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The Miseducation of Gaming Headset Mics

The microphone is the key feature that separates a gaming headset from a pair of headphones, so why are the majority of them such a disappointment? For years gaming headsets have under delivered on performance, constantly lowering gamers’ expectations as they settle for mediocre communication clarity and volume.

If you’ve spent more than fifty bucks on a gaming headset you would expect a quality microphone solution. The marketing materials may tell you that their microphone is “crystal-clear” or “noise-canceling”, but they fail to deliver the performance to back up those claims. The fact is that almost every gaming headset you’ve bought has had the same type of microphone - typically unidirectional, sometimes omnidirectional. And no matter how much software, filters or positioning of that microphone you tweak, it won’t change the very basic fact that they still sound awful.

The epiphany for us was to start with the hardware.

Arctis bidirectional mic image

A bidirectional microphone only picks up audio from the front and the back in a hyper-localized space

In most audio industries outside of gaming a "noise canceling" microphone typically refers to a bidirectional microphone design (not unidirectional!), as only this type is considered to be truly noise canceling.

When people hear the term noise cancelling it can be confused with active noise cancelling headphones which require batteries, circuitry, processing and multiple microphones - that’s not exactly right. What noise cancelling means for microphones is really acoustic noise rejection. A microphone does not actively cancel out noise, it actually rejects noise from particular locations based on the type of pick-up pattern a microphone has. In this case, a bidirectional microphone picks up noise from the front in a very tight pattern and rejects noise from its sides. When you think about it, where is all of your unwanted noise coming from? Yep, from the sides! This is why we chose a bidirectional microphone for the Arctis ClearCast mic.

Arctis input and sound graph

How a bidirectional mic really works can be broken down into two parts:

The pickup pattern

A bidirectional microphone only picks up audio from the front and the back in a hyper-localized space - between 2-8 inches away, rejecting sounds that come from outside this very narrow field.

The Proximity Effect

A bidirectional mic has a boosted proximity effect when compared to a unidirectional mic, which makes this noise canceling effect far more pronounced. This is how a hardware-driven noise cancellation system works.

Photograph of Navy air craft carrier and broadcast micPhoto: U.S. Navy by Photographer's Mate Airman Ricardo J. Reyes

What is Proximity Effect and how does it impact the mic: Proximity effect is a characteristic of directional microphones where sounds that are close to the mic (in proximity) benefit from a boost to the low frequencies. This gives your voice that rich quality that you hear from radio broadcasters, but it also plays a key role in noise cancellation.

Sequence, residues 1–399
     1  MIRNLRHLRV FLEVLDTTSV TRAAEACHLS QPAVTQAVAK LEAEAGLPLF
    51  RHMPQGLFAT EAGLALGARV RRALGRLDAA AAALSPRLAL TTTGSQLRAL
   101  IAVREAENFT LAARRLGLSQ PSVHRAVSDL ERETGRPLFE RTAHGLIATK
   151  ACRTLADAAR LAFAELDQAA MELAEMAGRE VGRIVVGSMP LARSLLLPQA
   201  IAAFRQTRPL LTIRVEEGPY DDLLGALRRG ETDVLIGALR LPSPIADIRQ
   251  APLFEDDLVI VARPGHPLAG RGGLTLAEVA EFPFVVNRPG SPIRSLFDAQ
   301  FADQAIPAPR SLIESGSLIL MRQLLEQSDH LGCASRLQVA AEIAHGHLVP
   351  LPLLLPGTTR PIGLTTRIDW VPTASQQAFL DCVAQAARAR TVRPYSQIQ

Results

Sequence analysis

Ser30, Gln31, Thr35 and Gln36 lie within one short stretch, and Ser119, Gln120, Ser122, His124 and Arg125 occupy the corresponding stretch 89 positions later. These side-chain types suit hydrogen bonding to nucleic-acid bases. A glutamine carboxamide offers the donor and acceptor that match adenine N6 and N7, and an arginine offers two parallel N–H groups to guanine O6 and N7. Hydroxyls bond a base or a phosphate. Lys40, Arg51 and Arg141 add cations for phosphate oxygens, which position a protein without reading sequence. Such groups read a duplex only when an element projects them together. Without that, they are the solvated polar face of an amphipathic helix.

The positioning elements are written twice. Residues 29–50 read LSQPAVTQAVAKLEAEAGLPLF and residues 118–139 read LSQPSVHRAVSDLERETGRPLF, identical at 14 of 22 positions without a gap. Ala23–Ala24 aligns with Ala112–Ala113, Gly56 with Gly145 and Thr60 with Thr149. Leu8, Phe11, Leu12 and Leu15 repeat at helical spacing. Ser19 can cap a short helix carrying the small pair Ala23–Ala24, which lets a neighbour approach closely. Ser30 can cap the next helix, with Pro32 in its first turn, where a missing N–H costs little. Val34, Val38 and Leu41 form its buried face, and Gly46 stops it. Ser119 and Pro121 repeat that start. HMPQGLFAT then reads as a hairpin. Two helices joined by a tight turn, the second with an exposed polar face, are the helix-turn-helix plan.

Only acoustic sources very close to the mic (aka your mouth) benefit from the proximity effect. Any sounds in the background 8 inches or more from the mic do not. Most background noises like fans, trains, and people talking are low frequency in nature, and so to the microphone, these background noises "appear" lower in level because they are not experiencing the proximity effect, essentially giving your voice a boost over any noises that might be surrounding you.

That’s why musicians always seem to be eating their mics – holding them close so that their voice has an advantage over a screaming crowd. This is also why the positioning of a bidirectional microphone is important - the closer the better.

How do you get the best performing gaming headset microphone? By asking the fundamental question at the start - how? It forced us to start from the source - the hardware. Everything after that simply boosts the performance or enhances its noise-cancelling properties. The Arctis ClearCast is now the benchmark in true noise-cancelling headset microphones.

SteelSeries Engine 3 Arctis device window image

The Arctis ClearCast Mic doesn't rely on software, however, we’re SteelSeries and we believe if you can offer something even with a little added benefit why not do it. The noise cancellation software feature in SteelSeries Engine simply enhances the acoustic noise isolation of the Arctis by further reducing any steady noises (think of things like fans, motors, hum) that do get picked up by the mic. the acoustic noise isolation of the Arctis ClearCast microphone is exceptional.

A snapshot of how the SteelSeries ClearCast microphone works

  1. The Arctis’s ClearCast microphone captures audio – like a laser – straight from your mouth, and from nowhere else, providing natural noise cancellation.
  2. Because of this, it doesn’t need any software to be a noise cancelling microphone.
  3. Thanks to the Proximity Effect your voice will sound richer, louder, and more defined.

Why call it ClearCast?

Broadcast microphones pick-up and reproduce a very wide range of frequencies, especially the high frequencies. This range gives these mics a very pleasant and natural sound. We engineered the Arctis mic to have an extended high frequency response that aligns more closely with broadcast microphones than with gaming microphones. This is where the name ClearCast derives from - clear, broadcast-level microphone.